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WEF19 Corruption, inequality, tax fraud – and Switzerland

Anti-corruption expert Mark Pieth calls on Switzerland to be tougher on tax havens and says growing populism in many countries means that it will increasingly fall to the private sector to tackle corruption. caught up with the founder of the Basel Institute on Governance external linkduring his 12th visit to the annual general meeting of the World Economic Forum (WEF) in Davos. 

He recalled attending the WEF more than a decade ago to launch the Partnering for Anti-Corruption Initiative. Participants “thought my colleagues and I were clowns” for talking about corruption, he said. The initiative is now one of the longest-standing CEO-led collaborations at WEF.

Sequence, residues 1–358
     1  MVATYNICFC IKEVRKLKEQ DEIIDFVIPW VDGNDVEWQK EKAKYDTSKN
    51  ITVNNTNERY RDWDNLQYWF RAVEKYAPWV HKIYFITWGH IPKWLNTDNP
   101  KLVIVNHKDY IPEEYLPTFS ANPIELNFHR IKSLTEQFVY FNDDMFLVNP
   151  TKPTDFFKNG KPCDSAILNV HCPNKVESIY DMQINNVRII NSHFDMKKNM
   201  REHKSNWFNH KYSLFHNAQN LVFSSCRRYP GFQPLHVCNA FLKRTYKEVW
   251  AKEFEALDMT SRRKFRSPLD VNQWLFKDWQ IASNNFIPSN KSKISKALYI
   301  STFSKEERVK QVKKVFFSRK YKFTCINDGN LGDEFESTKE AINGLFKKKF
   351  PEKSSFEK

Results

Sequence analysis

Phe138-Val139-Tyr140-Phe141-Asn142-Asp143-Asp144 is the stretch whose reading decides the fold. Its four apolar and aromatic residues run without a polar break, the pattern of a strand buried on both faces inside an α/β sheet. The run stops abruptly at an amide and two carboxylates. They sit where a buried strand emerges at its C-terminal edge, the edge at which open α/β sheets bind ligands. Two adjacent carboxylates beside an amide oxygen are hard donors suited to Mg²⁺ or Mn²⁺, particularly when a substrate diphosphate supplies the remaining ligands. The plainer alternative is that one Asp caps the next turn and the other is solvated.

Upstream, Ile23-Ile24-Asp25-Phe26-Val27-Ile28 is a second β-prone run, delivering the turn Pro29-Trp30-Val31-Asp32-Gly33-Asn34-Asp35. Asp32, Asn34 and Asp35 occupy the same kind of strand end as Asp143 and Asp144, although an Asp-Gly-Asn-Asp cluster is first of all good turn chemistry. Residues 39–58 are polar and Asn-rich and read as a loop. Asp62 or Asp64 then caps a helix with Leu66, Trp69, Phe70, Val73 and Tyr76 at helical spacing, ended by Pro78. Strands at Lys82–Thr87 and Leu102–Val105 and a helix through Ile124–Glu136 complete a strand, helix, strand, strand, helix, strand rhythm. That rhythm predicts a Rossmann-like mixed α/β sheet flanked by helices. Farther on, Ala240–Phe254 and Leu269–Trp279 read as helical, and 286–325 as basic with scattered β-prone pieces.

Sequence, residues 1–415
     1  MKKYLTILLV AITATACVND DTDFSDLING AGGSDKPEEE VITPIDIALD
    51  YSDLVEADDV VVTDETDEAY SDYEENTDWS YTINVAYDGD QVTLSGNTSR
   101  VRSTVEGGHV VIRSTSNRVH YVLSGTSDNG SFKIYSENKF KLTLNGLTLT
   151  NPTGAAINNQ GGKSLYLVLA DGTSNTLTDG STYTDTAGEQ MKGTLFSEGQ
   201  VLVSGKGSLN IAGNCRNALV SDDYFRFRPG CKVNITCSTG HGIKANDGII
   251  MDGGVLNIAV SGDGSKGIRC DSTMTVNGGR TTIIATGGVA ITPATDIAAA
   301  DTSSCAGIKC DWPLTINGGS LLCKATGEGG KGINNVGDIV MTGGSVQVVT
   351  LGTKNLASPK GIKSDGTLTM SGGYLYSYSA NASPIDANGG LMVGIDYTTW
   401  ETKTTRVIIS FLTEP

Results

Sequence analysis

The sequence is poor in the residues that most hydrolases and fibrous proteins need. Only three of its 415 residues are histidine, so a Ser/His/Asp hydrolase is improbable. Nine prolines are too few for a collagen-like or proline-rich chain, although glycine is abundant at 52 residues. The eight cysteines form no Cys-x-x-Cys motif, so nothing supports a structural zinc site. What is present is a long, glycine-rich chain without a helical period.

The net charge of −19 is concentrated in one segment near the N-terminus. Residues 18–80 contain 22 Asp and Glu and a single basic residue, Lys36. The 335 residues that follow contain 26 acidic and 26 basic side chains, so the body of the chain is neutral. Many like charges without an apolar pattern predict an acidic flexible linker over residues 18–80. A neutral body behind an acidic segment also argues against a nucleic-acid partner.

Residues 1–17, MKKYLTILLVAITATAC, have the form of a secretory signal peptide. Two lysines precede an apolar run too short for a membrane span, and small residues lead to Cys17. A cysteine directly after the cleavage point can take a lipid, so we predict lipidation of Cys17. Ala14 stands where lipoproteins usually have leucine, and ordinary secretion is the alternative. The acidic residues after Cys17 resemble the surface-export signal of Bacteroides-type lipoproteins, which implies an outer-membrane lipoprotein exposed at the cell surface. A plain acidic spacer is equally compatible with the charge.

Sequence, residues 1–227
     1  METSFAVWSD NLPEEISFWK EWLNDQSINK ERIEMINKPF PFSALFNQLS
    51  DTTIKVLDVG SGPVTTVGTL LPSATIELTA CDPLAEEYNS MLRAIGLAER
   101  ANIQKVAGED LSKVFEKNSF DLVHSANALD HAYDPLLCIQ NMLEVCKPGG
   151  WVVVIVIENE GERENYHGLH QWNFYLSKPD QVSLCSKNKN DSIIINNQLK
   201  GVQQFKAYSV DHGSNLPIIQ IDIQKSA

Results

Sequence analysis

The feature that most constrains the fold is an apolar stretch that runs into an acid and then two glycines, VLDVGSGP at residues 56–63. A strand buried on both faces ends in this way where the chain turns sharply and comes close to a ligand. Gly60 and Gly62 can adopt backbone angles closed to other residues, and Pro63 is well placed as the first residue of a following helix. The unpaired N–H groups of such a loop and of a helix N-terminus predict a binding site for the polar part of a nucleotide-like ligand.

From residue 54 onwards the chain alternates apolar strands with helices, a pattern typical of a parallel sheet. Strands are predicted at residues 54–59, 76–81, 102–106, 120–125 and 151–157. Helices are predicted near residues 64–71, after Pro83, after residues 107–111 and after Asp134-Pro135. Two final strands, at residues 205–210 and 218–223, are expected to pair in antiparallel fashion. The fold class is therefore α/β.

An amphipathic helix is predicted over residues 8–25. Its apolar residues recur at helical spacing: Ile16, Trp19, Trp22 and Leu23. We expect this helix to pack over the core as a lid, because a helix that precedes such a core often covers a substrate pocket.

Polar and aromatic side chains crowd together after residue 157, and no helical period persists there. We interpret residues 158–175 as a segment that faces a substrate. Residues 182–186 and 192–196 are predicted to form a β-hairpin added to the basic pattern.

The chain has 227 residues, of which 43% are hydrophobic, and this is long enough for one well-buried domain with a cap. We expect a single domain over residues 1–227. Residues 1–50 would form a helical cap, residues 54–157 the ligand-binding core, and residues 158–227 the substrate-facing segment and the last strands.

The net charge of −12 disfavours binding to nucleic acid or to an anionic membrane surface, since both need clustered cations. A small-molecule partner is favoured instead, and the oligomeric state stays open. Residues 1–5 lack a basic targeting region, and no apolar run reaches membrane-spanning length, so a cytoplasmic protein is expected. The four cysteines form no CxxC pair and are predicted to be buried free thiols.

But Pieth warned of new concerns in the fight against corruption, with the rise of populist governments in Brazil and elsewhere.

People believe populist governments will solve all their problems, he tells Jessica Davis Plüss, but “the real tragedy is that many are the worst of crooks”.

In this context, he said tackling corruption and inequality is increasingly going to be the responsibility of companies. While Switzerland has been known for being a tax haven, he says the country has had no choice but to support more tax transparency.

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